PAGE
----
CRAPPIE KOKO 2020 (18) (1).JPG

As soon as I can hit send and shoot this article over to Jeanne, Katy and I are off for the fishing hole. Will I have to break out my Mr. Twister fillet knife or will we bomb out and smell like skunk tonight from not catching anything?

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I love my life but sometimes it gets hectic. I was in South Dakota for two and a half weeks, flew down to Tennessee for the Professional Outdoor Media Association Convention on Tuesday, flew home Friday at midnight, grabbed Katy and headed over to Oregon to the Silvies Ranch Sunday after Church. Ran home Wednesday night and jumped on a plane to South Dakota Thursday. Three and a half weeks later I flew back home so have only been home for one day in the last seven weeks.

So, with the above said, it poses the title of this article. What to do? A lot of stuff outdoor wise is going on in Idaho right now. As usual, the big dilemma is which activities should we do? I haven’t got to hit the crappie like I normally do so am bummed out about that. Usually by now our freezer is full of crappie fillets for the year.

I told Katy we ought to go crappie fishing Monday and Tuesday. But it looks like it may be raining Monday afternoon. And my daughter Koby wants to go backpacking Wednesday through Saturday. So don’t think just because it is hot and smoky outside that nothing is going on outdoors. Also, what about the perch fishing up at Cascade or over at CJ? And then I (you) can always grab a UMARE#X .25 cal. Gauntlet and go pop some pigeons or Eurasian doves/pigeons. Doves always make great appetizers if you make poppers.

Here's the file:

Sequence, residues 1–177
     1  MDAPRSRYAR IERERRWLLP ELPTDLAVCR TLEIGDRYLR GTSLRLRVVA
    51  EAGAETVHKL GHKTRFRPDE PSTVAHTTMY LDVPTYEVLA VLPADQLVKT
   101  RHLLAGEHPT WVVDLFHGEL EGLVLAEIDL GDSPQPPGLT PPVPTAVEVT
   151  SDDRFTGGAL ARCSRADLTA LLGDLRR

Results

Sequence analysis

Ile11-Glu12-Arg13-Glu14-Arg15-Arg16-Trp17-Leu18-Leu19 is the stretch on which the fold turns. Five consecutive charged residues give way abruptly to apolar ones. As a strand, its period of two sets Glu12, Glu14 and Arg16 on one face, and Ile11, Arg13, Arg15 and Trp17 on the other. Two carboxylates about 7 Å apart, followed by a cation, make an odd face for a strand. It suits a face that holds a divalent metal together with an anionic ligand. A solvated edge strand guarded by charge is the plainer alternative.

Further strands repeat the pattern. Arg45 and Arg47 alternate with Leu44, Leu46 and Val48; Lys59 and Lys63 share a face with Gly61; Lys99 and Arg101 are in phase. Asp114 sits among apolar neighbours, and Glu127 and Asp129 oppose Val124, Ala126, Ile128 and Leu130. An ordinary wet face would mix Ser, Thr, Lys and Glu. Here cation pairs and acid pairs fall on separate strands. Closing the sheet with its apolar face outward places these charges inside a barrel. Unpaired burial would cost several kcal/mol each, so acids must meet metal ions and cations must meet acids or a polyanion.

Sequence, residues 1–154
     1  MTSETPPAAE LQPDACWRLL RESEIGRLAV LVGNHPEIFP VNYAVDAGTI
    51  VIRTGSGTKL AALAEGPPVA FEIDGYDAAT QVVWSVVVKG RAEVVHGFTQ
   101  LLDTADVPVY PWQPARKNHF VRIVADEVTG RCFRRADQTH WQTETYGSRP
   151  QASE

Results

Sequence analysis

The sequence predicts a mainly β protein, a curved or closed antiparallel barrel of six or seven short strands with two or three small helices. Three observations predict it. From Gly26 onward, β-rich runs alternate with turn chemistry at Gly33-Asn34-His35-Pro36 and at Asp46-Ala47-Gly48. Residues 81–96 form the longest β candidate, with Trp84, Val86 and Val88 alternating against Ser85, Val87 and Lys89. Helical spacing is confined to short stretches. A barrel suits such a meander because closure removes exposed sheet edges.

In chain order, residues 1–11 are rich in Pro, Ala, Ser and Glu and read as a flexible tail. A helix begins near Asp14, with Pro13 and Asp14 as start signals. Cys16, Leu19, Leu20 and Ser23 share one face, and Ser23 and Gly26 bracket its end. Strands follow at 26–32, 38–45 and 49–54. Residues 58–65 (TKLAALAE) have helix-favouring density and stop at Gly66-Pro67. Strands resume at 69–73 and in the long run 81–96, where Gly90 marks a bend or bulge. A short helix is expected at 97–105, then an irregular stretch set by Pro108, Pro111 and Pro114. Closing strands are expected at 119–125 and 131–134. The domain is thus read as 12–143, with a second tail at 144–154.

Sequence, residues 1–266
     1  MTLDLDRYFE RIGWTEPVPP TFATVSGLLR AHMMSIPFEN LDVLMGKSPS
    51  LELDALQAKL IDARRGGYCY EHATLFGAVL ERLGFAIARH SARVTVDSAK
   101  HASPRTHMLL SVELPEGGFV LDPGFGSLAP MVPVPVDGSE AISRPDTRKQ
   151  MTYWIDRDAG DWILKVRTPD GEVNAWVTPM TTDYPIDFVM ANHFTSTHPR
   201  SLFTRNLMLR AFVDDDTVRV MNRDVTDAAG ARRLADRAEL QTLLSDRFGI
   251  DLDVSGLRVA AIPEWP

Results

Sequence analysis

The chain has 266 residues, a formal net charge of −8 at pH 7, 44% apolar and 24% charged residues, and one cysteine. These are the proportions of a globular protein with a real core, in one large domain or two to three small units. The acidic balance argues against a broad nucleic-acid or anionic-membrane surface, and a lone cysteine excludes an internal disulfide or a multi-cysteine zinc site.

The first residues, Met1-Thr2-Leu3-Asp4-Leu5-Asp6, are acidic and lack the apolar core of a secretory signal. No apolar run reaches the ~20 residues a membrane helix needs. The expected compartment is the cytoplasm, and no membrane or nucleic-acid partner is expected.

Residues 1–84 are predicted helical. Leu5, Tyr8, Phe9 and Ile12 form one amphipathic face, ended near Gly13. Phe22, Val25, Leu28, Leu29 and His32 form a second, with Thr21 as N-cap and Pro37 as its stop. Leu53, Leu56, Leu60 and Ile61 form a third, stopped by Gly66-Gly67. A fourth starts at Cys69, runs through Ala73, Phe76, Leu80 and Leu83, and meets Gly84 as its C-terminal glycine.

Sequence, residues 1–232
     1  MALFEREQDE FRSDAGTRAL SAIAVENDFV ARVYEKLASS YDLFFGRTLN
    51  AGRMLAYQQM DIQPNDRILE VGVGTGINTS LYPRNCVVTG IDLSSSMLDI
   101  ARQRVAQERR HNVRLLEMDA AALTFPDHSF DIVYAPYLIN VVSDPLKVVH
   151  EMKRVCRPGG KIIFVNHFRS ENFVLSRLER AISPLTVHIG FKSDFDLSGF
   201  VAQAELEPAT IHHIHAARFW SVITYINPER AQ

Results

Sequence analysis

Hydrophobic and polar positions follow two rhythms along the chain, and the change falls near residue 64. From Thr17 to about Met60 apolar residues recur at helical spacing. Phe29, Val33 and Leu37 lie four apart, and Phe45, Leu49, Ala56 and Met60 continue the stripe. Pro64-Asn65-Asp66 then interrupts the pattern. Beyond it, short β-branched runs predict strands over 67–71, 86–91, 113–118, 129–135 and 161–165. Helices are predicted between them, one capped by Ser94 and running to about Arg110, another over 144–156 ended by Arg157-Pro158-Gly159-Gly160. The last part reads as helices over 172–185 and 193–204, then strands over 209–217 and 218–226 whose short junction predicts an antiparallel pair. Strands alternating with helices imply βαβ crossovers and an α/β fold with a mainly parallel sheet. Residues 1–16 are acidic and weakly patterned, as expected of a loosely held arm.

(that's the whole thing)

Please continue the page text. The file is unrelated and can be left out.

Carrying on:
So back to the tile of this article. With so many options out there outside of the city limits what should you do? Think I’ll hit the crappie a couple of days and then go backpacking. Then I have a new Ruger trigger to install in my Ruger 10/22 and a Vortex Crossfire 4-12x44 scope to mount on a Umarex airgun.

If you decide to go crappie fishing, here’s what I’m going to do. I’m going to head out late afternoon and fish until dark. Seems like in the late summer they move up feeding in closer when the shadows start stretching out. I’m going to use some small jigs with 2¼-inch Mr. Twister tails on them and tip it off with a Pautzke Fireball.

I’m also going to try something different this year for perch that I think should work. They’re usually down deep, right? I usually always flip out a jig and bounce off the bottom. This week I’m going to try some bottom bouncers with a worm to start with but if they’re hitting good then I’ll switch to a strip of fish skin.

Here’s why I’m excited to test out a bottom bouncer on perch. Instead of being tied down to one spot I can drift along and find a school. Then I’ll anchor and flip out jigs and fill a cooler. Like all of my plans it sounds like a great idea setting here at home on the drawing board — we’ll see how it works out in real life. Tie a leader with a few orange beads and a spinner blade onto the bottom bouncer and hook the worm by the head and drift along. I’ve caught every kind of fish in America on this set-up.

And if you never have backpacked, you have to try it. Come on, you live in Idaho! Unless I have some phenomenal trips this week then next week I’ll write a HOW-TO GET INTO BACKPACKING article to help you know how to get into it.


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